Justice Marrocco ruled that this arbitrary and potentially biased system is improper given the severe deprivation of liberty and security of the person that takes place when an inmate is segregated. These are two rights guaranteed under section 7 of the Charter.

Justice Marrocco wrote:

I am satisfied that the statutory review of the decision to segregate is procedurally unfair and contrary to the principles of fundamental justice because the procedure chosen provides that the Institutional Head is the final decision maker for admission, maintenance and release from administrative segregation and is the final institutional decision-maker of required reviews and hearings which occur immediately after an inmate is segregated.

However, Marrocco stated that banning the practice immediately could be disruptive and dangerous. Therefore, Justice Marrocco put his declaration on hold for a year, which he felt was a reasonable time frame to allow Parliament to address the situation.

ADDITIONAL FINDINGS BY JUSTICE MARROCCO

The CCLA argued for a 15-day limit on solitary confinements, a prohibition on the isolation of mentally ill inmates, and, a rule barring prisoners aged 18 to 21 from solitary lockups.

Regarding the effect of solitary confinement, Justice Marrocco agreed with CCLA and wrote that “placing an inmate in administrative segregation imposes a psychological stress, quite capable of producing serious permanent observable negative mental health effects”. He, however, did not find that solitary confinement itself to be unconstitutional, even when applied to inmates aged 18 to 21 or the mentally ill. He rejected any argument that this practice amounts to cruel and unusual punishment. Justice Marrocco also refused to declare placement in solitary confinement for more than 15 days to be unconstitutional.

The CCLA launched this constitutional application shortly after the British Columbia Civil Liberties Association (BCLA) and the John Howard Society of Canada filed a similar, but unrelated, lawsuit in Vancouver. A ruling in the B.C. case is expected within the next three months.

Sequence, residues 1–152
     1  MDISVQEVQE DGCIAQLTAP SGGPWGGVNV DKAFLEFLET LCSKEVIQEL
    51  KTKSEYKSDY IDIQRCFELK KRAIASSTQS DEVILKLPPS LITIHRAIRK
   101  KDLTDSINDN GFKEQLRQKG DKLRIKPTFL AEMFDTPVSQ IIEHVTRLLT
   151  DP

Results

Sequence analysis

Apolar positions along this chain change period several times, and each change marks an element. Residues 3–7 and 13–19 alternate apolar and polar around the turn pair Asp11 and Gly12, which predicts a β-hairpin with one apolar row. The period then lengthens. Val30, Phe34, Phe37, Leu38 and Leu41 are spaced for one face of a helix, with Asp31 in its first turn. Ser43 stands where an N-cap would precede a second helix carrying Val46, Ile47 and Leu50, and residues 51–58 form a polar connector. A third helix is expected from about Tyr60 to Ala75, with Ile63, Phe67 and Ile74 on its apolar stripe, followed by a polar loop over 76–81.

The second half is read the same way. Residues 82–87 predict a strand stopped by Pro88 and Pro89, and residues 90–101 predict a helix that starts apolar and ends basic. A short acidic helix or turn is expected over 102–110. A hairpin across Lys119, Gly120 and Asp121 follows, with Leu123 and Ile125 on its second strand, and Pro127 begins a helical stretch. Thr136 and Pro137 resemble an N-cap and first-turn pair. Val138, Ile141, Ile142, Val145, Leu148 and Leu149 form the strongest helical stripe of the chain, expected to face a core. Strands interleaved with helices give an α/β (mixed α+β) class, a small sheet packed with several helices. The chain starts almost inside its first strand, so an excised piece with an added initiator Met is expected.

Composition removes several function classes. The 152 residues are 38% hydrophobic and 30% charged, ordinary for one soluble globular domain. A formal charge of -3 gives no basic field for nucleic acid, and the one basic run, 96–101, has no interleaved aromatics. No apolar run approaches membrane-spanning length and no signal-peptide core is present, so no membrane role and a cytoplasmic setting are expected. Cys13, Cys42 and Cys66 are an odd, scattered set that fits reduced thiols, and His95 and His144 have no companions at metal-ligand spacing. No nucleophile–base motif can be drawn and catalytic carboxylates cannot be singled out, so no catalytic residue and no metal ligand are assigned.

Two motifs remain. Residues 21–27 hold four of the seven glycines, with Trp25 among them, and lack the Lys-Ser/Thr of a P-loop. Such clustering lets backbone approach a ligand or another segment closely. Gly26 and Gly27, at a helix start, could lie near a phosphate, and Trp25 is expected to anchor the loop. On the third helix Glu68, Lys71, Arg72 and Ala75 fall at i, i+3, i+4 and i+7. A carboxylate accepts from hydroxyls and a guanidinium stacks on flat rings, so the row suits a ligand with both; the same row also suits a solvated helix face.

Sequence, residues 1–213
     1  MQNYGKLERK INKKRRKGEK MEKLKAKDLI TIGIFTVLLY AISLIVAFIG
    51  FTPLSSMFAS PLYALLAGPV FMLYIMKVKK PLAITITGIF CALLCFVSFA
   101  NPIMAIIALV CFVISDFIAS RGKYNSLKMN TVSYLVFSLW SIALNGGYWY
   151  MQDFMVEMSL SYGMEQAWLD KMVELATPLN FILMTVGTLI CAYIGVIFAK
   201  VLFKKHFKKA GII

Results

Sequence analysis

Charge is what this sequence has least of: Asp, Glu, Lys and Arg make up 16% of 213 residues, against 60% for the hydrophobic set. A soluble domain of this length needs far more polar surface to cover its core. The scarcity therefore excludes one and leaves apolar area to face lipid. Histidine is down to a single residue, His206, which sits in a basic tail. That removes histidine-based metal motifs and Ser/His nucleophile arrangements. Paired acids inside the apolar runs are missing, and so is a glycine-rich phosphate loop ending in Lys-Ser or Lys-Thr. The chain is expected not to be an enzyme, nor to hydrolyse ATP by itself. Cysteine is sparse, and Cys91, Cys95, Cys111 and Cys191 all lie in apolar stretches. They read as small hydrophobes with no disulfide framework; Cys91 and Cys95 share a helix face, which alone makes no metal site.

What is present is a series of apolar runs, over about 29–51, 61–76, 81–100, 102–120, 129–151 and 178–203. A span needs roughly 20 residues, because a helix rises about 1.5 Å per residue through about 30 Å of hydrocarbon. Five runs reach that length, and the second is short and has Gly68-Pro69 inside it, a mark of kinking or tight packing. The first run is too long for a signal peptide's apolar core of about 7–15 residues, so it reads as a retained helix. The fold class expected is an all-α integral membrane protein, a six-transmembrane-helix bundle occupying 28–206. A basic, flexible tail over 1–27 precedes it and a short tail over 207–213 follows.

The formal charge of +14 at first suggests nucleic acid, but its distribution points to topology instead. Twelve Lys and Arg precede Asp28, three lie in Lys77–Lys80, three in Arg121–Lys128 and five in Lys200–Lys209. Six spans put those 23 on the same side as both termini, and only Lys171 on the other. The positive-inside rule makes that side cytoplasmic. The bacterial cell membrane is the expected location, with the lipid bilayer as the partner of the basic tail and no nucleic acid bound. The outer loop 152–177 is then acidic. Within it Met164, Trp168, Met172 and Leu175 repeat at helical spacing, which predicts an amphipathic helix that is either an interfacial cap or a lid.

We will continue to follow the developments in the law with regards to solitary confinement in Canada and will provide updates through this blog.

In the meantime, should you have any questions regarding your legal rights and need to speak with an experienced criminal defence lawyer please call Affleck & Barrison at 905-404-1947 or contact us online. We are here to help you 24/7.

Recommendations for Changes to Inmate Conditions in Canada

Written on Behalf of Affleck & Barrison LLP

We have previously blogged about inmate conditions in Canada, and are now revisiting this topic in light of the recent annual report by Correctional Investigator, Ivan Zinger, submitted in Parliament on October 31, 2017.

Mr. Zinger visited numerous correctional institutions to observe and investigate the current conditions. His report outlines in detail his observations and numerous recommendations, a few of which we will discuss below.

NO THERAPEUTIC TREATMENT FACILITIES FOR FEMALE FEDERAL INMATES

Female offenders were found to be the fastest growing population in Canadian correctional facilities. Many of these inmates are struggling with serious mental illness, some of whom partake in self-injurious or suicidal behaviour.

Unfortunately there are no stand-alone treatment facilities for federal female inmates in Canada. In an emergency situation, some mentally ill women are being transferred to an all-male treatment centre to receive the help that they need. Mr. Zinger stated, “It’s just unacceptable. You do not put a woman in an all-male institution, completely isolated in segregation-like conditions.” Mr. Zinger is recommending that in cases of complex or significant mental illness, female inmates should be placed in external psychiatric hospitals.

The Correctional Service of Canada (“CSC”) responded to Mr. Zinger’s comments by stating that it proposes to put into practice that men’s treatment facilities only be used to handle mentally ill women “in emergency circumstances” and only for short periods of time. The CSC advised that it has an external expert looking into women’s mental health needs.

PROBLEMATIC USE OF SEGREGATION